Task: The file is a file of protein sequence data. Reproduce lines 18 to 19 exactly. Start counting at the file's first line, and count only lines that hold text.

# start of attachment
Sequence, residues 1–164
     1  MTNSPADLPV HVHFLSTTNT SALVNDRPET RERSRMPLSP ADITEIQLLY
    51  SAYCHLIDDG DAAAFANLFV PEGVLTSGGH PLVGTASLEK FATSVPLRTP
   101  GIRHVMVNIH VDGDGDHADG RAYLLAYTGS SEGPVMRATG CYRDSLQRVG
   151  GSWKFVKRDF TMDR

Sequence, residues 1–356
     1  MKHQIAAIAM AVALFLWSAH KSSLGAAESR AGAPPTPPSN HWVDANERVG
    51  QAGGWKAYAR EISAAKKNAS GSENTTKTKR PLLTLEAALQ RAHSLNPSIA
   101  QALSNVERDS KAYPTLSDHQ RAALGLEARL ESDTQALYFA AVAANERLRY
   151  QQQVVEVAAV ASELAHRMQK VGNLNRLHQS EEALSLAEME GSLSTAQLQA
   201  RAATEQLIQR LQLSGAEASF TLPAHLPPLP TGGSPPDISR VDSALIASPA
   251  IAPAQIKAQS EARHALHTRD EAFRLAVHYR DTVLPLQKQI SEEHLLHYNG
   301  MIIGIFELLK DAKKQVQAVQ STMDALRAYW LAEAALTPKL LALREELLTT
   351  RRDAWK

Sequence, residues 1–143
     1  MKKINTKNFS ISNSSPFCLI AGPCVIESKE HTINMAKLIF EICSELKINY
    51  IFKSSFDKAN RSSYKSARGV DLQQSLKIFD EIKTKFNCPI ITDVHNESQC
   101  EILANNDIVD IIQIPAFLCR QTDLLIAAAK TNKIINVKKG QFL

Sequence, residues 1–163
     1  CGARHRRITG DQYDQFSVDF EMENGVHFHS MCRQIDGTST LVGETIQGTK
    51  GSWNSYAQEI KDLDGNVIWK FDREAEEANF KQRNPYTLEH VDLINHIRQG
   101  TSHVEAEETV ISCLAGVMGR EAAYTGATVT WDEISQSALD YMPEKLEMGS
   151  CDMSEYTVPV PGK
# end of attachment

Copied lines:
   101  EILANNDIVD IIQIPAFLCR QTDLLIAAAK TNKIINVKKG QFL

Sequence, residues 1–163